Providing strength and stability to the shoulder joint, the rotator cuff is surprisingly susceptible to injury. In fact, rotator cuff injuries are common among both the young and active, and older, more sedentary patients we see at The Alignment Studio. So, what exactly is the rotator cuff, what does it do, and how can you keep yours happy and healthy?
The rotator cuff
The rotator cuff is a group of four muscles and their tendons that arise from the shoulder blade and attach to the head of the humerus (upper arm), forming a cuff. It centres the humeral head in the shallow socket, and provides strength and stability during motion of the shoulder joint. It helps you to abduct (raise your arm to the side), and internally and externally rotate the shoulder.
How rotator cuff injuries occur
Rotator cuff injuries are very common in people over the age of 40 due to normal age-related ‘wear and tear’ in the tendons. In younger patients, injuries are mainly due to a trauma to the shoulder, or overuse caused by repetitive overhead sports like tennis or volleyball. Rotator cuff injuries are also common in occupations that require working overhead or involve repetitive physical tasks, such as painting, carpentry etc.
Rotator cuff injuries usually start with a nagging ache in the shoulder when lifting/reaching overhead, dressing, or lying on the shoulder at night. This develops into pain and weakness with repetitive use, or when lifting the arm overhead.
Preventing Rotator cuff injuries
As the shoulder joint is so mobile, it depends on the strength of the rotator cuff muscles and tendons to stabilise the joint. To prevent injuries to the shoulder, it is important to strengthen the rotator cuff as well as the bigger muscles around the joint.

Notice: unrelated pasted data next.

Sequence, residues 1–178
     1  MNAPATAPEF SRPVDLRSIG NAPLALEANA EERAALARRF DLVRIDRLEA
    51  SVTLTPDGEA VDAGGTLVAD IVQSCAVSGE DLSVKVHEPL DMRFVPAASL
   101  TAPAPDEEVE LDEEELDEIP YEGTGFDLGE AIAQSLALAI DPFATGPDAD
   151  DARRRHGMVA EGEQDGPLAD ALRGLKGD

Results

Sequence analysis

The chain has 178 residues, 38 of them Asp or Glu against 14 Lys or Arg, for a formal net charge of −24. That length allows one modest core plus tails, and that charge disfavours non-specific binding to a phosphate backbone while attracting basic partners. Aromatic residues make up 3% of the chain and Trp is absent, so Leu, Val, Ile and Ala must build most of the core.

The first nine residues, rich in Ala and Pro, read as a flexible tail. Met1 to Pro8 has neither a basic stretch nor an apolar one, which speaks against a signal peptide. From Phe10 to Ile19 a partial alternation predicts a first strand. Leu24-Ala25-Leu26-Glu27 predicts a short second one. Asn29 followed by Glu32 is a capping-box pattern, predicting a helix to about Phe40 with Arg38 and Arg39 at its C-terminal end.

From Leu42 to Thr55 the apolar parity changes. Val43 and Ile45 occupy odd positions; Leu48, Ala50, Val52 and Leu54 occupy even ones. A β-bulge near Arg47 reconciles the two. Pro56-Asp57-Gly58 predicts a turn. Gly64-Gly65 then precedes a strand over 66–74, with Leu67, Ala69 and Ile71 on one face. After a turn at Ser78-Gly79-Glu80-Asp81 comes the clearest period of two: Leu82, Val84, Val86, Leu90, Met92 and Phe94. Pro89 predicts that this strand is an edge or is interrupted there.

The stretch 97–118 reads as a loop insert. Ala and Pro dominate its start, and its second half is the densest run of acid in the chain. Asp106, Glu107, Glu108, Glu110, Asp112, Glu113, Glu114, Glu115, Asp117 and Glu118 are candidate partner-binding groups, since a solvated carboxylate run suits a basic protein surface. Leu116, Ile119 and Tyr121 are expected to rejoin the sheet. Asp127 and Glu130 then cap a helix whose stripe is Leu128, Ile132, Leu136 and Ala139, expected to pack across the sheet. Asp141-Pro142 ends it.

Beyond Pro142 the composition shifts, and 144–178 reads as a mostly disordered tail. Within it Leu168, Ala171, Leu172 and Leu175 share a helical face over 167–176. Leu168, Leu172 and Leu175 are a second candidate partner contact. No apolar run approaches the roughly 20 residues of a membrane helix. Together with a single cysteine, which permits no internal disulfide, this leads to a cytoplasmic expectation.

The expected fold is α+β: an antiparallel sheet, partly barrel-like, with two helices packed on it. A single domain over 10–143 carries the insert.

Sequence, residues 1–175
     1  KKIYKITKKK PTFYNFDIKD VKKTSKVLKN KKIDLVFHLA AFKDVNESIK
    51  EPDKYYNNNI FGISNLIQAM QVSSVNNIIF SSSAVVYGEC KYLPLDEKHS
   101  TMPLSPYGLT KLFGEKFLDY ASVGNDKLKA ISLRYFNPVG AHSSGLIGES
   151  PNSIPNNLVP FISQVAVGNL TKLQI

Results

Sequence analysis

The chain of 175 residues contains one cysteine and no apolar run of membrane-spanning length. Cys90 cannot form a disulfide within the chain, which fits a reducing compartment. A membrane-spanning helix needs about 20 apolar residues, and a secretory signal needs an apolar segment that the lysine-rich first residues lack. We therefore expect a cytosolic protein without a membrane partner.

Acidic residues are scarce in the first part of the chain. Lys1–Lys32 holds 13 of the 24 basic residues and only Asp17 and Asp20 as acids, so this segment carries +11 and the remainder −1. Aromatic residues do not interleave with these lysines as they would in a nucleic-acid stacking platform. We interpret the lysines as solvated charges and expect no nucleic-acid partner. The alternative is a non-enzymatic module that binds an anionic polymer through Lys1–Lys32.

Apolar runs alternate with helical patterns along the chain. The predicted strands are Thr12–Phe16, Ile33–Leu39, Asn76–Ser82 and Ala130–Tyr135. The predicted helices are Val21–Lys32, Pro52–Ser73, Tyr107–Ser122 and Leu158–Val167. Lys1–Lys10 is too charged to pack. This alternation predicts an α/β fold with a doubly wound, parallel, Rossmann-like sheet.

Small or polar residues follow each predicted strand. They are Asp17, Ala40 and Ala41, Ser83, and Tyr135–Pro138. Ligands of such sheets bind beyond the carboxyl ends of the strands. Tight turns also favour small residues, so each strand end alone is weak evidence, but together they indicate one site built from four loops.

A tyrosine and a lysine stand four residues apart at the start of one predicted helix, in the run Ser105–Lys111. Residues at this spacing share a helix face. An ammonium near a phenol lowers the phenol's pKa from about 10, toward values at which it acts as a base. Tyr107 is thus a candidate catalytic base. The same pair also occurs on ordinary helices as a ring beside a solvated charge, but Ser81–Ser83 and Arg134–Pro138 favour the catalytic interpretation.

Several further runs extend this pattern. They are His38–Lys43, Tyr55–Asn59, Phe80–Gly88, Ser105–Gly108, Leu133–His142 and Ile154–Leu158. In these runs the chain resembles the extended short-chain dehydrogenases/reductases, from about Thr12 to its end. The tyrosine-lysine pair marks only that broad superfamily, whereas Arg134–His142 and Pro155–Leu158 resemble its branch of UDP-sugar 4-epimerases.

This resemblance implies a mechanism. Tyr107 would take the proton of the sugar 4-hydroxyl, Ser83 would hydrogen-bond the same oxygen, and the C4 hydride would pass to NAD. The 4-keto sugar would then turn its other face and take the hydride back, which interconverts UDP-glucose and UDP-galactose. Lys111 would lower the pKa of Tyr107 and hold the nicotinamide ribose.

Rotator cuff exercises should therefore be incorporated into all gym programs that involve upper body strengthening. You also need to strengthen the muscles that stabilise the scapula, as this provides the base for all shoulder movements. If one of these muscles is weak, it places more stress on the rotator cuff tendons at the front of the shoulder.
Thoracic (upper back) mobility is also essential in preventing rotator cuff tears and shoulder injuries. Poor mobility in the thoracic spine will cause a person to have reduced thoracic extension and rounded shoulders. This places a lot more load on the rotator cuff tendons and can increase the risk of injury.
Treatment for rotator cuff tears
Treatment will depend on the severity of the injury, and the patient’s lifestyle. Partial thickness tears will usually heal themselves with rest and the appropriate rotator cuff strengthening program. Full thickness tears, however, may need to be surgically repaired if the person is returning to high level sport or activity.
Older individuals can typically return to normal function through conservative management that involves strengthening the remaining muscles of the rotator cuff. Rehabilitation involves strengthening the rotator cuff, the muscles that stabilise the scapula, and working on improving general mobility.
If you are experiencing any shoulder pain or weakness, please call The Alignment Studio on 9650 2220 to discuss an appropriate rehab or prevention program.
Pete Hunt is a highly skilled physiotherapist with nearly three decades of experience working in sports physiotherapy and private practice. The Director of The Alignment Studio, he has a special interest in musculoskeletal and sports injuries, orthopaedic rehabilitation and postural syndrome. With a caring, communicative approach, Pete uses a combination of joint and soft tissue mobilisation and exercise prescription to treat his clients. He’s also passionate about education for injury prevention and lasting results.